It was his seventeenth cattle drive from Montana to California. He would hum the same tune every time:
“Round up the doggies one by one
wipe the sweat from the noon day sun
git along little doggie don’t you fret
I’m just an old cowboy, I won’t bite your neck”
Burrs Branaghan was a saddle bum. Herding cattle from town to town, camping under the dusty western night sky. He wore long sleeved shirts, a wide brimmed cowboy hat and wore his bandana high on his face just below his eyes during the day. It kept the sun from burning his alabaster skin. You see Branaghan was not only a hard working cowboy . . . he was a 400-year-old vampire.
He rode with the wild banditos in Mexico, the outlaws in Tombstone; he loved the cowboy lifestyle. But his lust for blood was stronger than his love of the roping and branding, it was his eternal downfall. The day he admitted to the other cowpokes that he was a vampire they slapped their thighs laughing and saying he was as loco as the weeds he was sitting on. But just to be on the safe side they would wrap two or more bandanas around their neck. One cowboy would keep watch until dawn just in case. He promised them he would never feast on his cattle driving friends, but precautions were taken.
The camp cook was named Samuel Trey Spoons or Spoony for short. He would tie him to the chuck wagon wheel especially when they had steak for supper because they noticed he would drool excessively at the sight of the bloody red meat. His cattle boss Rusty relentlessly teased him waving bite sizes pieces his face asking him if the smell and sight of it drove him crazy. Branaghan fought his natural cravings to attack and drain every drop of his blood. For the sole reason his only dream in his 400 years of being a vampire was to be a real cowboy. A rip romping, spur wearing honest to goodness cowboy.
His heroes were the gunslingers of the old west. While looking for work in Tombstone he was caught in the middle of the famous showdown. The old Colt Single Action with the elk horn grip was carried by Wyatt Earp at the OK Corral. When the shooting started Branaghan ducked behind his horse and hunkered down until the shooting stopped. Doc Holiday saw him walked over looked him in his eye and said, “You fascinate me . . . therefore, I will not kill you today. Good day sir.” Branaghan tipped his hat and thanked him. Of course he knew unless they were shooting silver bullets filled with holy water, he was not in harms way. Doc handed him the Colt that Wyatt had used as a token of his pledge not to kill him.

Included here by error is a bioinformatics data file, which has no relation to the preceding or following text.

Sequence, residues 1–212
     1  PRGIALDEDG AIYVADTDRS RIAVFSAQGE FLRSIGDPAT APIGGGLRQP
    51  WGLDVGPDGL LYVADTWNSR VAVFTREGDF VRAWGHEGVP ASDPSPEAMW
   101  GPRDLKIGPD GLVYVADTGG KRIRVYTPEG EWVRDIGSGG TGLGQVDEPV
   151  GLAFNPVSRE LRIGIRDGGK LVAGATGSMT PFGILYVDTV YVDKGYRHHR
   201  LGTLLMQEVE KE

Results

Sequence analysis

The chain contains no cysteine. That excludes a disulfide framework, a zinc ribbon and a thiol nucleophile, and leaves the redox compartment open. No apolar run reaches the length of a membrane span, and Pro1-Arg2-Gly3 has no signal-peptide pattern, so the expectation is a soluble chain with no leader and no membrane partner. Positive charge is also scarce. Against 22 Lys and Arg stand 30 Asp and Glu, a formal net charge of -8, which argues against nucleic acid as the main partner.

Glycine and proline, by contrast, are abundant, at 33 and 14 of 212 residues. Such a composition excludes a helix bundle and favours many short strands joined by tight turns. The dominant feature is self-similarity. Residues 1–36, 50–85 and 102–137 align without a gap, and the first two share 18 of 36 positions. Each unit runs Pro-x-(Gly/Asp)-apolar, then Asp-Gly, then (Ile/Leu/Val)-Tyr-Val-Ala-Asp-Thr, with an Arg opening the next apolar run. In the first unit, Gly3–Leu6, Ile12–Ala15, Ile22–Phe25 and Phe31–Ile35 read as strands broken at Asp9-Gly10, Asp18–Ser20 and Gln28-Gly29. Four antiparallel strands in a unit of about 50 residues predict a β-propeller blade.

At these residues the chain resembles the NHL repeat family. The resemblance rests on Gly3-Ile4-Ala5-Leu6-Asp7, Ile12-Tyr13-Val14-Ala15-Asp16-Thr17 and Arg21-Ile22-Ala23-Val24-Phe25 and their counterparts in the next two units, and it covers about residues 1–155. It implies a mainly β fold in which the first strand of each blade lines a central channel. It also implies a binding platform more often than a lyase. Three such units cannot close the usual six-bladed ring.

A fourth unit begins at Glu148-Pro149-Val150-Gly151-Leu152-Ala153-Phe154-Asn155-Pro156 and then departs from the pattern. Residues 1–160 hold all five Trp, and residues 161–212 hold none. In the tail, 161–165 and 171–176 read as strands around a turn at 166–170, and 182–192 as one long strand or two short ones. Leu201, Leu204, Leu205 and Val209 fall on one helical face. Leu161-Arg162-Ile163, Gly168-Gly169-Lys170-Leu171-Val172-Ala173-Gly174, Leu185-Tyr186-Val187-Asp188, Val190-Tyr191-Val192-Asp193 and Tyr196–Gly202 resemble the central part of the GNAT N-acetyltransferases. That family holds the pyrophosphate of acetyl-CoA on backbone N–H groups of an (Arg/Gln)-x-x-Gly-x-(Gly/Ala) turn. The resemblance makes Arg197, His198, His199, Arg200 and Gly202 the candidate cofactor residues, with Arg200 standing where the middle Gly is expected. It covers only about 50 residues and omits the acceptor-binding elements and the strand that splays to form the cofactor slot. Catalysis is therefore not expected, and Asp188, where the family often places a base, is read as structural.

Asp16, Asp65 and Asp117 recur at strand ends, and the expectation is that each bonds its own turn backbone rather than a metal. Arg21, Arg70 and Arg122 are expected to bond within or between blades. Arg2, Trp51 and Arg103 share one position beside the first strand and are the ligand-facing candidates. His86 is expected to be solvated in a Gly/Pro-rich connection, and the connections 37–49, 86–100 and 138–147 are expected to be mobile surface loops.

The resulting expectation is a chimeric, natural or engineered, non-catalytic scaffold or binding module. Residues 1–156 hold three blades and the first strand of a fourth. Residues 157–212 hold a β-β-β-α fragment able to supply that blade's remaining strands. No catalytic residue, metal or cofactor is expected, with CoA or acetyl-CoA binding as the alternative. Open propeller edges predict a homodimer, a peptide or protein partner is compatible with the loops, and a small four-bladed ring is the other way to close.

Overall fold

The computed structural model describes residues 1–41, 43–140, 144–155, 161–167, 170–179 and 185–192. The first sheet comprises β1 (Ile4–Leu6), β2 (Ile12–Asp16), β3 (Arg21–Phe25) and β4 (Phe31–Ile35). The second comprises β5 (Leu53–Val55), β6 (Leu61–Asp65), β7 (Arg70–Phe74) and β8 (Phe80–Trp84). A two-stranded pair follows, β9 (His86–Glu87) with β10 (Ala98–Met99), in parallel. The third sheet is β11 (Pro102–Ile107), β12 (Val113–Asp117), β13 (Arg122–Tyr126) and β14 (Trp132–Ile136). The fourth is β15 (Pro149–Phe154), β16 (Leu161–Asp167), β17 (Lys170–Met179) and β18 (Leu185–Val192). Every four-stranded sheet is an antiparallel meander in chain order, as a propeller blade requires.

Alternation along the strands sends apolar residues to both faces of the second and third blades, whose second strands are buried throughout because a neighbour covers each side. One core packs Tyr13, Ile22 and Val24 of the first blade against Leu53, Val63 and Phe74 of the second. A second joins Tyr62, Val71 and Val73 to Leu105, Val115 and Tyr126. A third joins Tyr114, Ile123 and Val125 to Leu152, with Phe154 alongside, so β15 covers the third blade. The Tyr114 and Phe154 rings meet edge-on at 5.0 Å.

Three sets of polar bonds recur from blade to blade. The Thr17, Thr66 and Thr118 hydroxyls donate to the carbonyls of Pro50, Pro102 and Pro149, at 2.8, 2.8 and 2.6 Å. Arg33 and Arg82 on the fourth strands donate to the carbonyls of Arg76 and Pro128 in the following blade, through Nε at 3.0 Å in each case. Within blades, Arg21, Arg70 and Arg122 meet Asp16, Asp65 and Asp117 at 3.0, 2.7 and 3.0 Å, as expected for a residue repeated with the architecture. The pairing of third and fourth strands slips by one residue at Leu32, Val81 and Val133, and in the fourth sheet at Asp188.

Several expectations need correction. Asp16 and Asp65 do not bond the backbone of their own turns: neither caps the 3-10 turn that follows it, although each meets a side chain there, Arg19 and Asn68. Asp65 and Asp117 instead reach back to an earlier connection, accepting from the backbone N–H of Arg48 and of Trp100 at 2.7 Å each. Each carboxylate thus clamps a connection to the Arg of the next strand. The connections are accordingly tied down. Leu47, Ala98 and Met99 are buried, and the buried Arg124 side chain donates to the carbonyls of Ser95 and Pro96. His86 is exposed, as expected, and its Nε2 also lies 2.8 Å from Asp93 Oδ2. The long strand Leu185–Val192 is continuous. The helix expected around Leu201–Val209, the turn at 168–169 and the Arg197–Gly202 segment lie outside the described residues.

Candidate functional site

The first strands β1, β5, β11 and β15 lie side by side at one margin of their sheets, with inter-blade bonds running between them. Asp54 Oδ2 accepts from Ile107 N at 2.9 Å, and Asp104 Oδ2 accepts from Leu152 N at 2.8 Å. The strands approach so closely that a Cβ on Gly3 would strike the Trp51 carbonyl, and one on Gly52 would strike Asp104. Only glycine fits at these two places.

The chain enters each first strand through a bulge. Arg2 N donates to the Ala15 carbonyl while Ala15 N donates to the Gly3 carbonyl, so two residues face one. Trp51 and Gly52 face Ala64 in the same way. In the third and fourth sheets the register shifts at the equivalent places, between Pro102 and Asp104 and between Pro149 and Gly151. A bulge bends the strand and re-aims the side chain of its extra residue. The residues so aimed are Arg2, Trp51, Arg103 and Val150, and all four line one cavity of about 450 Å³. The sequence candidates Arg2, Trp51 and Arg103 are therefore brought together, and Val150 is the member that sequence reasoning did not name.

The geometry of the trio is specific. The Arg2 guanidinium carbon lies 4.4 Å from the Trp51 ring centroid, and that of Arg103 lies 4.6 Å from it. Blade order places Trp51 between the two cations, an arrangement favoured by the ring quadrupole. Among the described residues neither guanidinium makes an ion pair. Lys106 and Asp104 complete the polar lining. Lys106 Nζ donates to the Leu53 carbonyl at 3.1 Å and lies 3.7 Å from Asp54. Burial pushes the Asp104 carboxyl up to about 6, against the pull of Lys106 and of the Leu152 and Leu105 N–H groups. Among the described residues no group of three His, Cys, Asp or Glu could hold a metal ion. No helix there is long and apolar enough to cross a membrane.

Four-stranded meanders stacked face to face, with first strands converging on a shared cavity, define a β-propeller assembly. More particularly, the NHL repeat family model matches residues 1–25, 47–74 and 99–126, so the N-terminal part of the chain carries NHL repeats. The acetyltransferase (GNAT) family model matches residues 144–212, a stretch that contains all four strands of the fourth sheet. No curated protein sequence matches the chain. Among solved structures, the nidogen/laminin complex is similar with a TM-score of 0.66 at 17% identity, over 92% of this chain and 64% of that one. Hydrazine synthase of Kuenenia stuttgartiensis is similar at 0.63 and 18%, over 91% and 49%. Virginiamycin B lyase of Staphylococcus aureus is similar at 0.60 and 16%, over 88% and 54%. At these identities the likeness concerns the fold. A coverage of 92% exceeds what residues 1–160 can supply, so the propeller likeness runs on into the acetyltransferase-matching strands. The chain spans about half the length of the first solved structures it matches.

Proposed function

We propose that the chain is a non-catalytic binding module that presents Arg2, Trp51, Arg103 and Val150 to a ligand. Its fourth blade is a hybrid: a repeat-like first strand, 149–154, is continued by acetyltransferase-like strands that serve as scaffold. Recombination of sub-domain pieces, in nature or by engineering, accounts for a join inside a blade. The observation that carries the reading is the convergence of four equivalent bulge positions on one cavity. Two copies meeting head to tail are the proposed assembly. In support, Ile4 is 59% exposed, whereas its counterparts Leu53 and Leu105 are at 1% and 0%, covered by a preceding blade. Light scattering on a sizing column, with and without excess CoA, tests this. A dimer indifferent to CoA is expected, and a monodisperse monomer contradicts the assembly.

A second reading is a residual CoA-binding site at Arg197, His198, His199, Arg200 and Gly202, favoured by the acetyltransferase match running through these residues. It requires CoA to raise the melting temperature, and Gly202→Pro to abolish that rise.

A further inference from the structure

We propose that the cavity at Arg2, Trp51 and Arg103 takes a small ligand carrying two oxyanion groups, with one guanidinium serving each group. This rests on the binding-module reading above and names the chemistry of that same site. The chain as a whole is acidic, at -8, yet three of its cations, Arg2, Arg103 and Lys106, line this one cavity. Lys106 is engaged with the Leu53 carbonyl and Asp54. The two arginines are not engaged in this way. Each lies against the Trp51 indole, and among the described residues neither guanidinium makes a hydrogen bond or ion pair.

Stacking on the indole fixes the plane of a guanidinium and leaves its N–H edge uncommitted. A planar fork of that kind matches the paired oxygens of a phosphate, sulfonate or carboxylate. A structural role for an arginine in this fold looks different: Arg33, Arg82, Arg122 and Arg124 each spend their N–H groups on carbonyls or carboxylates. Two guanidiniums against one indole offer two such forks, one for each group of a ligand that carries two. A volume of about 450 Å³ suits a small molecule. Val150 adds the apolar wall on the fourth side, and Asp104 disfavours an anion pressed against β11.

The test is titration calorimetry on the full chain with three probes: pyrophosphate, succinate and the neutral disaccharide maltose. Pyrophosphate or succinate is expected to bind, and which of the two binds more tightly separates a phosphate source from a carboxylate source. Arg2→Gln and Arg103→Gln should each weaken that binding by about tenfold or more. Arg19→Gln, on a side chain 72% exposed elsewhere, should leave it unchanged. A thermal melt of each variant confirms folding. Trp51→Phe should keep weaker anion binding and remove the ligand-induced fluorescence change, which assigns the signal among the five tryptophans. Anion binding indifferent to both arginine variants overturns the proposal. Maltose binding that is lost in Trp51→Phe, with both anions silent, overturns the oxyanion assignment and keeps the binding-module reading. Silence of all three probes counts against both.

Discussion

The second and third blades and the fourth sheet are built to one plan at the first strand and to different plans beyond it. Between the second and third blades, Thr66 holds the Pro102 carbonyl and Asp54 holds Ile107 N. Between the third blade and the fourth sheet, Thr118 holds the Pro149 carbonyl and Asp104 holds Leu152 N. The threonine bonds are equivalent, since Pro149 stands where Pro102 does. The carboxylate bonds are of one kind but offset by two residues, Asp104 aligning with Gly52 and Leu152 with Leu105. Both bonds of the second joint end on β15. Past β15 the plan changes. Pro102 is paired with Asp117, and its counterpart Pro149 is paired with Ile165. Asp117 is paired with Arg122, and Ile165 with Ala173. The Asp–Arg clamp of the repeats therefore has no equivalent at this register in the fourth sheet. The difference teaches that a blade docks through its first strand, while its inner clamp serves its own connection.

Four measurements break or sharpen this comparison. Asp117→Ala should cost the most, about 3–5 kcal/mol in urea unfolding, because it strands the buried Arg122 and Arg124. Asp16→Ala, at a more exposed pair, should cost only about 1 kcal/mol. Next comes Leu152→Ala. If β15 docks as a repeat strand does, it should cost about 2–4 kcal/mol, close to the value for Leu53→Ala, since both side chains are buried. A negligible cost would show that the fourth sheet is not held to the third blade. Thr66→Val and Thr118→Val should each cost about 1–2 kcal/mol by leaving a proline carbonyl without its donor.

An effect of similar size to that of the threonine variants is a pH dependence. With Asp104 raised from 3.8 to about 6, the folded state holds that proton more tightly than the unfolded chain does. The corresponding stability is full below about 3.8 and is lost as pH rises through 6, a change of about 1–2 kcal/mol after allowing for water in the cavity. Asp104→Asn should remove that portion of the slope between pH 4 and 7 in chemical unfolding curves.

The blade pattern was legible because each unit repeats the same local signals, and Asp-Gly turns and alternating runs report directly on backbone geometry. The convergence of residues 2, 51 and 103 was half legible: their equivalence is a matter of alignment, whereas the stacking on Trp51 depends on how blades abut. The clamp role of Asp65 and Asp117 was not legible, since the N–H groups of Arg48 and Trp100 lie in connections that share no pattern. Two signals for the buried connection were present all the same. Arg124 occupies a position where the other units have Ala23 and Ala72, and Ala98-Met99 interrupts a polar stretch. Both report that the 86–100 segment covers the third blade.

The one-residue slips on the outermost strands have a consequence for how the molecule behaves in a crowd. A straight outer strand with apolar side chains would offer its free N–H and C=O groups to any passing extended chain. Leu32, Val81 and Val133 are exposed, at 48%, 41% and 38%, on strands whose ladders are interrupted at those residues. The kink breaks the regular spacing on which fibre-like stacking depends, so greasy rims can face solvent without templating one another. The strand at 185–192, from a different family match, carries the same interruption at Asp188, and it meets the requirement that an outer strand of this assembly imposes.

As he walked back into town he saw an old trail boss hammering a poster for cattle drivers to work cattle from Arizona to New Mexico. Branaghan immediately signed up but later noticed the trail boss heading to the barber for a shave and a haircut. He watched as the sharp razor glided over his throat. He thought, “Oh, just one little slip that’s all I need to see that delicious red blood trickle down his face. He felt the urge to feast but remembered cowboys don’t give in to temptation. It’s the law of the land. So Branaghan saddled his horse and headed to the camp. As the wranglers packed their stuff and strapped down their saddlebags one oldtimer asked him if he’d ever been to New Mexico. He continued to make small talk but all he could do was notice a small cut on his neck. The oldtimer noticed him staring at it. Dang cow horn caught the end of my shirt and gashed my neck. It’s been bleeding off and on all day. Branaghan offered him a clean bandana. Thank you kindly young feller! I’ll rinse it out and return it to you good as new. No need just hand it to me now and I’ll rinse it out in the creek. He handed him the bloodied rag and Branaghan began to salivate. He muttered, “Fresh blood.” He immediately dunked it into the creek feeling the cold water run over his hands. He watched the blood float down stream. A tear ran down his cheek.
Eight hours on the trail they broke for camp. The coyotes began to howl as the campfire blazed against the darkened starry sky. Branaghan volunteered to gather more fire wood. He grabbed an oil lamp and set out to look for seasoned fire wood. He saw a large branch and decided to break it in half by standing on one end and pulling it towards him. Finally, it snapped but instead of breaking into two pieces a sharp spiked piece flew back driving it all the way through his heart. He stumbled dizzily to the ground feeling his 400-years of life drain from his body. He saw his lengthy life flash before his eyes. He grabbed his only true position the Colt that Doc Holiday had given him and fired a shot into the air. The cattle drivers ran towards the gun fire and found a pile of clothing and firewood with the Colt resting beside them. No sign of Branaghan. Now we all know that a stake through the heart is the only other way to kill a vampire. I guess Branaghan finally got the bloody stake he’d craved, pardon the pun. Thinking he’d been attacked by coyotes or some other wild animals, they collected his things and walked back to the camp. Packing his belongings in his horse’s saddle bags they went back to sleep. At dawn they saddled up and headed back on the trail herding 300 head of cattle to New Mexico. They headed toward the river to water the cattle when one slashed its side on a rusted piece of barbed wire. Not wanting to lose such a fine calf they wrapped the wound and slung the injured calf over Branaghan horse. Suddenly the calf let out a shattering bawl. The hands ran over to see two deep puncture wounds beside the large cut. What could have caused such a wound? They tied the reigns to the back of the supply wagon, however, no one noticed the blood around Branaghan’s horse’s mouth. Now some reckon old Branaghan feasted on his horse and others say the horse turned old Branaghan into a vampire. Of course all of this could just be another ghostly cowboy vampire tall tale.